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How a declining population influenced reproductive and sexual health policy in Germany.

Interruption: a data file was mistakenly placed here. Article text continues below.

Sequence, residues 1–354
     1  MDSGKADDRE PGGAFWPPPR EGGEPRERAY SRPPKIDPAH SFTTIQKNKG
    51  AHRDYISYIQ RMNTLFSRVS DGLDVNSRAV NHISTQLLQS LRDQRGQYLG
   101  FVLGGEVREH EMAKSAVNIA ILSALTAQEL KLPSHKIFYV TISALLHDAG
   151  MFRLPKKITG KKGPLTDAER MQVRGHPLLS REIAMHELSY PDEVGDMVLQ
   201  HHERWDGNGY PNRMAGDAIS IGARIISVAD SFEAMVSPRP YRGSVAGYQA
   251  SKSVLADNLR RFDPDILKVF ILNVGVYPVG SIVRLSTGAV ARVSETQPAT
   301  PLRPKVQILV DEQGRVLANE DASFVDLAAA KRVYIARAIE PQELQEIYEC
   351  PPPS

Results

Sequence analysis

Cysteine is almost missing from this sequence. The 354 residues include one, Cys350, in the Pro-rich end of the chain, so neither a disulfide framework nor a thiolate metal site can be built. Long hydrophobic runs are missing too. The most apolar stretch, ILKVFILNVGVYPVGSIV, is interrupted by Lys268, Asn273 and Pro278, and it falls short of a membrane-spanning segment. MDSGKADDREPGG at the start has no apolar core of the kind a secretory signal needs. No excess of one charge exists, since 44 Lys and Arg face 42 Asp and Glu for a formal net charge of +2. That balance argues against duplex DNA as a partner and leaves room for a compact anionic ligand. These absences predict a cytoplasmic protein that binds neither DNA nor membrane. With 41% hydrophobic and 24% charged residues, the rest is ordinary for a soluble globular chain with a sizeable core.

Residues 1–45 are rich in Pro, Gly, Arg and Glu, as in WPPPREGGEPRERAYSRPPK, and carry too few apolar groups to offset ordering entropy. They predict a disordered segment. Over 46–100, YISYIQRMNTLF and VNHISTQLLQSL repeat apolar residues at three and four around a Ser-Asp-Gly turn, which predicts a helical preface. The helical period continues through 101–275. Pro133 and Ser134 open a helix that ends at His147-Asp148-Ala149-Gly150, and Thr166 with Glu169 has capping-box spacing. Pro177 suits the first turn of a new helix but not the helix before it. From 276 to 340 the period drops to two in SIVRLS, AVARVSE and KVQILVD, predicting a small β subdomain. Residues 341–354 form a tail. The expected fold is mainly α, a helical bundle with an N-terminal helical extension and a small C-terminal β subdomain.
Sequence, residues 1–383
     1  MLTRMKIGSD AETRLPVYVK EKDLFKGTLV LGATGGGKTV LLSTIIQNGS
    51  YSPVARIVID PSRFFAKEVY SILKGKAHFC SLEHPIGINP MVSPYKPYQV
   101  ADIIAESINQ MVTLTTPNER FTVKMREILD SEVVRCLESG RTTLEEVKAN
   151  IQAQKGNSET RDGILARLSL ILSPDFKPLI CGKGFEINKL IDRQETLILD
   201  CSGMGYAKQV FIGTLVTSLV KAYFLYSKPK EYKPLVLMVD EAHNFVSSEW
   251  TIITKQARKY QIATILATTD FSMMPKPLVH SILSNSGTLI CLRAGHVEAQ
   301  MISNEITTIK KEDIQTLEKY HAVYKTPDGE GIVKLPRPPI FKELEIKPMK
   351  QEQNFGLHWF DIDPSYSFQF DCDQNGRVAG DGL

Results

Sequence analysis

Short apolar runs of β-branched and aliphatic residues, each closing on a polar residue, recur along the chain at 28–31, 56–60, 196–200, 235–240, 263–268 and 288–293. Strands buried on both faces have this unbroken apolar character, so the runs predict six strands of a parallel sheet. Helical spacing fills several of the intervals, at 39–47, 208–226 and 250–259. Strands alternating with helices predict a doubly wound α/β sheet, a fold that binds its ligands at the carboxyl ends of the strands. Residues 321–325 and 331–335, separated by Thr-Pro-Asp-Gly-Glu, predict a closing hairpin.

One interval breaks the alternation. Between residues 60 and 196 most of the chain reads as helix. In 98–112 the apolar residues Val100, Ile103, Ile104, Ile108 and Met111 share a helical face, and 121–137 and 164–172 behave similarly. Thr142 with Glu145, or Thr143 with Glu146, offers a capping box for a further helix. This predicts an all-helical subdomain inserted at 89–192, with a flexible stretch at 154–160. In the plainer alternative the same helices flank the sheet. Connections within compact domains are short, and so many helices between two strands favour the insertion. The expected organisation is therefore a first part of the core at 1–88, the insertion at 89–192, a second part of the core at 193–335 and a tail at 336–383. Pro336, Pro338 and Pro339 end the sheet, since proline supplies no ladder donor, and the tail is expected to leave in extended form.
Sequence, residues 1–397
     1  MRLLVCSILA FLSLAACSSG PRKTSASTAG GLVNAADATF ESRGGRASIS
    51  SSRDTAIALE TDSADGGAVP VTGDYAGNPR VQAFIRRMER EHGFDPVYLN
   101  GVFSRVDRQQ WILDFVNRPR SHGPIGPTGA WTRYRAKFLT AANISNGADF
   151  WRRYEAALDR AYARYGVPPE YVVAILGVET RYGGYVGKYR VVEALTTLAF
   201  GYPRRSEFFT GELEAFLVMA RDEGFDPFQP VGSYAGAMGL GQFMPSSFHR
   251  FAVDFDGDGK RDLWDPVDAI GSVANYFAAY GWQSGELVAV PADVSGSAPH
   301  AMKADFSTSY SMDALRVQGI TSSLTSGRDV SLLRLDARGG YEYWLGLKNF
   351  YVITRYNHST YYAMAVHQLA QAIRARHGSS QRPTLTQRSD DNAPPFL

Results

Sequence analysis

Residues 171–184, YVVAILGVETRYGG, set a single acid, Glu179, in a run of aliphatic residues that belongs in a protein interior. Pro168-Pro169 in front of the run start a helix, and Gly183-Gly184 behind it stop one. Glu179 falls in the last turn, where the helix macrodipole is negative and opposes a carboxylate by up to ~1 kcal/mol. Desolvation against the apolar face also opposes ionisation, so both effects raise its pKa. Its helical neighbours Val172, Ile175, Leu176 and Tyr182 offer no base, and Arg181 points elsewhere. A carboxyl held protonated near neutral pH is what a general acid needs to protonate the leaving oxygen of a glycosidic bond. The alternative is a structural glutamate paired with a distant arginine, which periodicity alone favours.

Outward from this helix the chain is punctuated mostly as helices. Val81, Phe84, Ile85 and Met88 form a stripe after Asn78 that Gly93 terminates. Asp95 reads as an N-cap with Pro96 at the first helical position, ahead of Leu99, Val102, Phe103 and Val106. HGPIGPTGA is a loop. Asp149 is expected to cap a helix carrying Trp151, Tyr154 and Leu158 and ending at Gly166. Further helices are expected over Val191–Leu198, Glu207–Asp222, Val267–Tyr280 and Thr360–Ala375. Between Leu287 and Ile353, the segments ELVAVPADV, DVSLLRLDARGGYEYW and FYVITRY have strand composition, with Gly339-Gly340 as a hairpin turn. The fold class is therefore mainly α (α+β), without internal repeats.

During the late nineteenth century the city of Berlin developed such a reputation for lawlessness and sexual licentiousness that it came to be known as the "Whore of Babylon." Out of this reputation for debauchery grew an unusually rich discourse around prostitution. In Berlin Coquette, Jill Suzanne Smith shows how this discourse transcended the usual clichés about prostitutes and actually explored complex visions of alternative moralities or sexual countercultures including the “New Morality” articulated by feminist radicals, lesbian love, and the “New Woman.” Combining extensive archival research with close readings of a broad spectrum of texts and images from the late Wilhelmine and Weimar periods, Smith recovers a surprising array of productive discussions about extramarital sexuality, women's financial autonomy, and respectability. She highlights in particular the figure of the cocotte (Kokotte), a specific type of prostitute who capitalized on the illusion of respectable or upstanding womanhood and therefore confounded easy categorization. By exploring the semantic connections between the figure of the cocotte and the act of flirtation (of being coquette), Smith’s work presents flirtation as a type of social interaction through which both prostitutes and non-prostitutes in Imperial and Weimar Berlin could express extramarital sexual desire and agency.